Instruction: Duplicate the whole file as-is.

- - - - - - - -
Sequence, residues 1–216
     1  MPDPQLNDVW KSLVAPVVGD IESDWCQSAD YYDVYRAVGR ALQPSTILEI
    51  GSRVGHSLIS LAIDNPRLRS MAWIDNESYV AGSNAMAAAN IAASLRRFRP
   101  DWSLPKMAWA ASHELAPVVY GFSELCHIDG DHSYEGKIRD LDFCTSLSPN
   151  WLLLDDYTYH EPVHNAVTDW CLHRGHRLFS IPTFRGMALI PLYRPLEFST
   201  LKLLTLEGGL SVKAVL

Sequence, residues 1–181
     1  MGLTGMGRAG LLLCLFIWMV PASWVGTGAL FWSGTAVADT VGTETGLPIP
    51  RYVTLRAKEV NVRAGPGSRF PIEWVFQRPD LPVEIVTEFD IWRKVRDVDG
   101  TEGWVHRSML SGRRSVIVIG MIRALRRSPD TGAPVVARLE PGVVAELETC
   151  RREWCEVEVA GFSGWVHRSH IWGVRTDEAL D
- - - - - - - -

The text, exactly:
Sequence, residues 1–216
     1  MPDPQLNDVW KSLVAPVVGD IESDWCQSAD YYDVYRAVGR ALQPSTILEI
    51  GSRVGHSLIS LAIDNPRLRS MAWIDNESYV AGSNAMAAAN IAASLRRFRP
   101  DWSLPKMAWA ASHELAPVVY GFSELCHIDG DHSYEGKIRD LDFCTSLSPN
   151  WLLLDDYTYH EPVHNAVTDW CLHRGHRLFS IPTFRGMALI PLYRPLEFST
   201  LKLLTLEGGL SVKAVL

Sequence, residues 1–181
     1  MGLTGMGRAG LLLCLFIWMV PASWVGTGAL FWSGTAVADT VGTETGLPIP
    51  RYVTLRAKEV NVRAGPGSRF PIEWVFQRPD LPVEIVTEFD IWRKVRDVDG
   101  TEGWVHRSML SGRRSVIVIG MIRALRRSPD TGAPVVARLE PGVVAELETC
   151  RREWCEVEVA GFSGWVHRSH IWGVRTDEAL D